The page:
The B-29's did not fly without opposition, as Japanese guns fired flak at the planes. The sky would be filled with shrapnel. The "Big Stick" once received 54 holes from flak and another time then wounded Royster's compartment was shattered.

"It didn't blow out and I did not even know it was shot out," said Royster who was questioned by a newsman about how it felt to have the window shot out. "I said I did not even know it had happened. You are so keyed up that you don't know what's going on".

The B-29's were attacked by 600 planes on one mission and lost planes each mission. "We lost over 15% of our crews right away. My group had the best safety record of any squadron in our group. 32, 612 sorties were flown by individual B-29's, 437 B-29's were lost. Each one of them had 11 crewmembers aboard. That's the way it was. Mostly they would just never come back. We seldom knew what had happened to our people".

Royster flew his last mission near the end of July 1945 when he was shot in the side and spent three months in a hospital. Before he left the hospital, the atomic bomb was dropped and the war was ended.


On October 24, 1945, he left the service, having attained the rank of staff sergeant. He tried farming, worked as a telephone lineman and worked for the C and E Railroad, Missouri Pacific Railroad and Union pacific Railroad, staying with the same railroad as it was bought out by the others. He worked in Shelbyville and St. Elmo, before coming to Salem in 1975. He retired in 1985.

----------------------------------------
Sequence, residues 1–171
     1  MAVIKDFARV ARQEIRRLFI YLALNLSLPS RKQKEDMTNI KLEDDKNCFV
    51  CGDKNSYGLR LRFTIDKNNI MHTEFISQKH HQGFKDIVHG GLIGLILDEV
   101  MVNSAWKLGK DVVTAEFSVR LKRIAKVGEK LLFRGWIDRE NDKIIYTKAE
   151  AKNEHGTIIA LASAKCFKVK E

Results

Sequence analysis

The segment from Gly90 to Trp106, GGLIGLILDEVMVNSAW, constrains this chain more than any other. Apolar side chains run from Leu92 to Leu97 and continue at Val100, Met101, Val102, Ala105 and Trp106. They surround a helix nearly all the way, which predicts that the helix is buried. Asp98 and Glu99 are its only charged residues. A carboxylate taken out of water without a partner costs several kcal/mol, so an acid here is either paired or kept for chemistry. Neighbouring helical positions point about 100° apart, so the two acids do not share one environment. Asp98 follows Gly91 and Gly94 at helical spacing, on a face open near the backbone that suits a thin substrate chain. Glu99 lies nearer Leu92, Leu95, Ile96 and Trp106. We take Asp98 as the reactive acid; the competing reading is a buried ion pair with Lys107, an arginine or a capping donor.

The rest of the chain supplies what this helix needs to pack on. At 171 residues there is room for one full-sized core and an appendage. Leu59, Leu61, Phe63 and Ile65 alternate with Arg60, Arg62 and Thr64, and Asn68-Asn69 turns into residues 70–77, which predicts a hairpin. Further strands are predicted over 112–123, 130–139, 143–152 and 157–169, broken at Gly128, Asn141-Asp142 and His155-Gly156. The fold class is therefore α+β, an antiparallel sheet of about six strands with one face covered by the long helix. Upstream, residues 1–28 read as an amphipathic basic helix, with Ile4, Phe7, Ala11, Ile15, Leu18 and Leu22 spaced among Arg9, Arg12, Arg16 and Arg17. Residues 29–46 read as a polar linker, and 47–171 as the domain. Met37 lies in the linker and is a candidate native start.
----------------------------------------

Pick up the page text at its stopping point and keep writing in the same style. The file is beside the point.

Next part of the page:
He and his wife Wanda Lou, married in 1947 and they have 3 children, tow daughters and a son, Bill Royster of Centralia, who shares his father's affinity for the B-29. Royster said he and his son became acquainted with Capt. Keith Kibbe of the Commermorative Air Force, who is the pilot of the restored B-29 named, 'Fifi' and tour director for the B-29/B-24 squadron which tours the US.

"We got acquainted and he liked me and respected what I had done," said Royster, who asked whether the planes could fly over Salem. He said 'that's the ,least we could do'. It gives you a swelled head. A man shouldn't feel as good as I did when that happened."



Bill in 2000

"No one ever heard of them doing a flyover for just one man. They bring millions of dollars' worth of airplanes over here. It cost millions to restore that B-29 and a lot for the BG-254 and I couldn't believe my good luck."

So on the morning of August 21, Royster stood at the airfield in Mt. Vernon and watched the squadron as they took off.

"They flew right down (Illinois) Route 37 at about 500 feet", Royster said. "The B-29 is 141 feet wide so that's just 3 wingspans high. Low enough to almost make the tree limbs blow."

You can email Bill at wdroyster@yahoo.com